“In that case, what makes you better than the terrorists?”
I often hear this question. It usually comes up after someone suggests that Israel ruthlessly defeat its enemies instead of maintaining its current wishy-washy approach of hiding behind security walls, wearing the enemy down, and offering land in an effort to advance peace.
I have never understood this argument. If Israel were, say, to target Arab civilians as part of a policy of collective punishment, would that render the Jewish state immoral – just as immoral as Arab terrorists who launch rockets at Israeli schools and playgrounds? Is the man who ends a fight just as guilty as the one who started it? Is the man who kills a killer just as immoral as the killer himself?
More important, however, the question itself – “What makes you better than the terrorists?” – is completely beside the point. The question presupposes that wars must have moral and immoral parties. The question further presupposes that countries fight one another in an effort to achieve moral superiority.
But neither one of these propositions is true. Countries fight one another not because they are battling for some moral summit but because they wish to live and not die.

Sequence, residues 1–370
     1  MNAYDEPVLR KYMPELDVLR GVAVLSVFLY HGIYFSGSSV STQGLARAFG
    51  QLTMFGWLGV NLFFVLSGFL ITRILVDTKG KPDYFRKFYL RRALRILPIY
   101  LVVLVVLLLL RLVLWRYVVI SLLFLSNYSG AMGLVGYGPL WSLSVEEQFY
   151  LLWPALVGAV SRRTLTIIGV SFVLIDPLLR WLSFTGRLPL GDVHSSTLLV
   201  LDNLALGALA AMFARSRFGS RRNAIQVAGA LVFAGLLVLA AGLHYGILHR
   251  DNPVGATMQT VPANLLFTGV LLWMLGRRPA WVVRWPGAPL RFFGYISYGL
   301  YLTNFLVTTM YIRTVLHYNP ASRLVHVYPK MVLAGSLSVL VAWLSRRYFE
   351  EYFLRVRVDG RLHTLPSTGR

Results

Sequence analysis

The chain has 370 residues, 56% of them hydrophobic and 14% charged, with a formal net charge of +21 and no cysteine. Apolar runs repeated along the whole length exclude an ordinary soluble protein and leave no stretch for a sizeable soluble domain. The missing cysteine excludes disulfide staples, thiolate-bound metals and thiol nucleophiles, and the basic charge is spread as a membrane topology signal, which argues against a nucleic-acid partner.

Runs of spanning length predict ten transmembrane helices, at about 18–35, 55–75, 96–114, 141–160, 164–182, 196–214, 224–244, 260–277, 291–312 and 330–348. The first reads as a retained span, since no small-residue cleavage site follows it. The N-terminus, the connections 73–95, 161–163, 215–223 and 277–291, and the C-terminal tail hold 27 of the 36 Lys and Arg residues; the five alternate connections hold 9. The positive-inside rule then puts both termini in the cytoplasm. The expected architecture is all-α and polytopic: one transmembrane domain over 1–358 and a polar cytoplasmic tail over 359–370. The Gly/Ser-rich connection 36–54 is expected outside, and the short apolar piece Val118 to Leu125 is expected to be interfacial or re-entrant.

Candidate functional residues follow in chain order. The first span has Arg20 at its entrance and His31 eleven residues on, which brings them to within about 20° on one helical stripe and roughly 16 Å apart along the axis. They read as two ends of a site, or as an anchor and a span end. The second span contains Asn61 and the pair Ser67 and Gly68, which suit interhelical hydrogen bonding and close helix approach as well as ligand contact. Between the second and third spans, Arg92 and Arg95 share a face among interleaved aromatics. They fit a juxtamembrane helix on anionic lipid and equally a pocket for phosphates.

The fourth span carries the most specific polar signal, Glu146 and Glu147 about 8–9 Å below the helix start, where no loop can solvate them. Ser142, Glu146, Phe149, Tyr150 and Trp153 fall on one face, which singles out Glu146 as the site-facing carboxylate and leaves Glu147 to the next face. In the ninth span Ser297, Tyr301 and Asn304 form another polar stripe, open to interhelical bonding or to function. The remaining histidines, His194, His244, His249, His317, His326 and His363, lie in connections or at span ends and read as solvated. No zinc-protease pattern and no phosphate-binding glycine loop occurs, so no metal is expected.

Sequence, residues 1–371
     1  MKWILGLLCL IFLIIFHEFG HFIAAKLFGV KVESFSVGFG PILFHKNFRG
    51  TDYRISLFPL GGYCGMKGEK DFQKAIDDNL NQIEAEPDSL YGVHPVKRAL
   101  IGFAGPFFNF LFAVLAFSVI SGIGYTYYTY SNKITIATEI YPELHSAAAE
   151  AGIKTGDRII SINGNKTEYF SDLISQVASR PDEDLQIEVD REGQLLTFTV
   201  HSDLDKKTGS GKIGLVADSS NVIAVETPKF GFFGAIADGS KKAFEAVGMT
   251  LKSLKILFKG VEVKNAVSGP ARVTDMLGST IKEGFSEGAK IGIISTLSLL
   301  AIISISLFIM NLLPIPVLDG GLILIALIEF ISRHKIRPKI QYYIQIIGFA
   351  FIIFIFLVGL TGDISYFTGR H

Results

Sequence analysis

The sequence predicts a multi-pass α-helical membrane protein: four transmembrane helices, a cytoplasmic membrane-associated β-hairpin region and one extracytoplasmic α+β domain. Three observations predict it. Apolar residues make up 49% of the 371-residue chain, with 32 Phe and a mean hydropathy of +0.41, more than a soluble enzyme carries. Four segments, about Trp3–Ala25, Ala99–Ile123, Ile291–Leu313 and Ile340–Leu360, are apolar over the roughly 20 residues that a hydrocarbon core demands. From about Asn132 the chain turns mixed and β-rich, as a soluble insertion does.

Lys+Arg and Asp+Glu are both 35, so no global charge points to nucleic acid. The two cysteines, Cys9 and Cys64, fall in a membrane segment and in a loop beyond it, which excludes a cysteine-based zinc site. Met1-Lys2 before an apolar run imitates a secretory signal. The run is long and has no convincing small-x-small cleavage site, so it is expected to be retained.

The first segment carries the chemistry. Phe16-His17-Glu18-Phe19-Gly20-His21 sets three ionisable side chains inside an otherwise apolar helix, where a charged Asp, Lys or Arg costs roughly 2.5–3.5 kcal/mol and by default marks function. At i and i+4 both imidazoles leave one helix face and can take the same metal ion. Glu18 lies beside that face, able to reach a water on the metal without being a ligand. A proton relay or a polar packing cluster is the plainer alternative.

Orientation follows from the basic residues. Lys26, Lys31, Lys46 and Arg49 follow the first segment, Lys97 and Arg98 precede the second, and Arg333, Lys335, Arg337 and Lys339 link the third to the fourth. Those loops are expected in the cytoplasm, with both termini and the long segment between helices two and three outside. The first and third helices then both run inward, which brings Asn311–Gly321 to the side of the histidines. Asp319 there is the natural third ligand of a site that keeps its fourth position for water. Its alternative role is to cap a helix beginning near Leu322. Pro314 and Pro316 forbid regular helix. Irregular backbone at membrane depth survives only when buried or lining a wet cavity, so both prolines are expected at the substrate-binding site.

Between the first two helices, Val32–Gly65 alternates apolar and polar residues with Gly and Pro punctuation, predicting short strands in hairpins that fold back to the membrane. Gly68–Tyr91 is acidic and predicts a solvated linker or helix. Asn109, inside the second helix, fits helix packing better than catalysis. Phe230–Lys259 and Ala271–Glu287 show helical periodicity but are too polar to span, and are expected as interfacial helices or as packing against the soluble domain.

If a mugger attacks me in an alley, I fight back not because I want to be more moral than him, but because I want to keep my money and teach the mugger a lesson while I’m at it.
Some wars are black and white. World War II is a classic example. Germany fought for an oppressive, murderous ideology while the United States fought for democracy and freedom.
But many wars do not have “good” and “bad” sides, “moral” and “immoral” parties. Who was “better” in World War I? Germany or Russia? Austria-Hungary or England? Turkey or France?
The answer is that neither side was clearly “better” than the other. Did that stop them from fighting each other? Did the Russian soldier say to himself: “Wait, I’m no better than a German soldier, how can I continue fighting?”
Of course not – because people don’t fight on account of their moral pedigree. They fight because they wish to advance a cause or because they find themselves under attack.
It happens to be that Israelis on the whole are more moral than their Arab attackers. They have no desire to kill anybody and wouldn’t harm a hair on an Arab’s head if they would only leave Israel alone. And when forced to fight, Israelis – unlike the Arabs – don’t lynch soldiers to the roaring cheers of the crowd, don’t cut open women’s stomachs, and don’t crush children’s skulls with rocks.
Fundamentally, though, it matters not one iota if Israelis are morally “better” than the Arabs or not. What matters is that the Arabs want to destroy Israel – and if Israel doesn’t trounce them first, Israel will die. Period.Elliot Resnick
About the Author: Elliot Resnick is a Jewish Press editor and writer, as well as the author of “Movers and Shakers: Sixty Prominent Personalities Speak Their Mind on Tape" and editor of "Perfection: The Torah Ideal."
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